used the Poona Pact to also introduce reservation in the services for
untouchables, by making it a part of 1935 Government of India Act.
1950, Ambedkar had gone much further as the principal author of the
Constitution of India that legally abolished untouchability, provided
safeguards to the Scheduled Castes from discrimination, and provided
them representation in government services through reservations.
was the pioneer in pushing forward the idea of universal adult
franchise and one man-one vote.In his 1919 submission to the
Southborough Committee, Ambedkar argued: “No person…should be denied the
opportunity of actively participating in the process of Government.
That is to say popular Government is not only Government for the people
but by the people”. Not surprisingly, he encountered resistance from
most political conservatives. Sardar Vallabhai Patel, who headed the
Constituent Assembly’s Committee on Fundamental Rights, expressed
apprehension that the States may not agree and may even view it as
encroaching upon their rights. A distinct feature of Ambedkar’s approach
was his preference for constitutional methods and seeking of legal
safeguards, whether against untouchability or in fighting patriarchy
through the Hindu Code Bill that he pushed, albeit without success. He
abhorred resort to both “bloody methods of revolution” as well as
Gandhian tools such as Satyagraha, civil disobedience and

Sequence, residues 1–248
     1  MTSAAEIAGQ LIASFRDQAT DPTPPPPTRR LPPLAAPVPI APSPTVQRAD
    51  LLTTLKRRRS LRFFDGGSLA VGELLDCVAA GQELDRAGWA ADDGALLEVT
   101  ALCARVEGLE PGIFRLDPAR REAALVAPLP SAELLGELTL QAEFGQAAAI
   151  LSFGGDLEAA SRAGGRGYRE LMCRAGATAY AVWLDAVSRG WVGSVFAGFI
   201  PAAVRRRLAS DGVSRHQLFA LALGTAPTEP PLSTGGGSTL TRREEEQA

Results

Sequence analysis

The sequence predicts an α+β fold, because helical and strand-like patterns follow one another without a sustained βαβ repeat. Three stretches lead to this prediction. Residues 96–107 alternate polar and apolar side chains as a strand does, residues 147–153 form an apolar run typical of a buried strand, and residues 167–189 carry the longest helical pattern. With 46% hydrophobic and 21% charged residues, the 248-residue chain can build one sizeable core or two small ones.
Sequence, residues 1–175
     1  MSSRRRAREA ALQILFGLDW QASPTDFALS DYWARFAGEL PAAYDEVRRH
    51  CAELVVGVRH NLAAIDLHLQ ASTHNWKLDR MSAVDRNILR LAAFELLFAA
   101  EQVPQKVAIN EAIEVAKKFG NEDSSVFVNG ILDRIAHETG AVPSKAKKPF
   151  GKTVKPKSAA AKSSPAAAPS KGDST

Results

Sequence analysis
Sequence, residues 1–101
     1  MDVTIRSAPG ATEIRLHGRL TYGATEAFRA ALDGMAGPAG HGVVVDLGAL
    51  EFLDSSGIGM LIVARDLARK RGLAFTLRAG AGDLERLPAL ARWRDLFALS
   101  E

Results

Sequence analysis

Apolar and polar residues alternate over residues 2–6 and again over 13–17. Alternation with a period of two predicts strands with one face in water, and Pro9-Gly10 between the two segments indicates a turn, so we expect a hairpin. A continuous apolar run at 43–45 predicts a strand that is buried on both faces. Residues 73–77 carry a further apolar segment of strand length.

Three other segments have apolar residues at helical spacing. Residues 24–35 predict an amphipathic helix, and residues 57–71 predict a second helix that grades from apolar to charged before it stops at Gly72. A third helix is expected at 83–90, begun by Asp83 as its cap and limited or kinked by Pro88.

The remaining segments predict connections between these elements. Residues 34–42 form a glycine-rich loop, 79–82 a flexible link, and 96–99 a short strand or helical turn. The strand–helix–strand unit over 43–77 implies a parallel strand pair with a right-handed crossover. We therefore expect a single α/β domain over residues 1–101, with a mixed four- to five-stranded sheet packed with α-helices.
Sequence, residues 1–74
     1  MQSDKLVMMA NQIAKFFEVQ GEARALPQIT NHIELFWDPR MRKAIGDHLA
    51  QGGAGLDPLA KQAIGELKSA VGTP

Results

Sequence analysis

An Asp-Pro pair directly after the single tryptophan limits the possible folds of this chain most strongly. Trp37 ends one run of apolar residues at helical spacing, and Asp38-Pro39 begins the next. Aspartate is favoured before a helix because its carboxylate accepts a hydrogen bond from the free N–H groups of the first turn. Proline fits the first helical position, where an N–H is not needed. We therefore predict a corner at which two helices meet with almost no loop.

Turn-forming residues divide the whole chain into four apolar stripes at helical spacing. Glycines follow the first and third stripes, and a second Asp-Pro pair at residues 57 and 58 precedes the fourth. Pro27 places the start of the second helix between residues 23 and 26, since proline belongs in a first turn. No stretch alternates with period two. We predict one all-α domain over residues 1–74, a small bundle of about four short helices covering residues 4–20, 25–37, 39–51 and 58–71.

As he stated while presenting the
Draft Constitution on November 25, 1949: “Where constitutional methods
(for achieving economic and social objectives) are open, there can be no
justification for these unconstitutional methods. These methods are
nothing but the Grammar of Anarchy and the sooner they are abandoned,
the better for us”.
No doubt, American republican
values had a profound influence in all these thoughts. The idea of every
person having the right to life, liberty, free speech and pursuit of
happiness — and the duty of the State to guarantee these freedoms to its
subjects — is something that appealed to Ambedkar. For him, “the
individual is an end in himself” and has certain “inalienable rights” to
be protected through Constitution. From these followed the most
important premise for a political democracy: “The State shall not
delegate power to private persons to govern others.”
was important for Ambedkar even from a personal standpoint. As he was
to write later, five years of staying outside India completely wiped out
of his mind any consciousness of being an untouchable. But when he
returned to work in the State of Baroda, nothing had changed. Hostels
there wouldn’t take him. The only way of seeking accommodation was by
impersonation, for which he wasn’t prepared, knowing the dire
consequences if his identity were discovered.
In an article published on November 30, 1930, a correspondent of the New York Times described
Ambedkar as the “most unusual ‘untouchable’, having the degrees of
Doctor of Philosophy from Columbia University, New York, and Doctor of
Science from the University of London.” At the end of all this study
abroad, he “returned to India as an ‘untouchable’, as when he left. He
could not enter a temple or drink at a public well.”
Harlem, cradle of the Black intellectual awakening, Ambedkar believed
that the untouchables of India needed to be pulled out of villages to
escape the tyranny and oppression of the caste system.
nation owes it to Ambedkar for making India a much better place to live
in after Independence, with a most forward-looking rights-based model
of Constitution. For this, Columbia can take credit: It was the starting
point after all!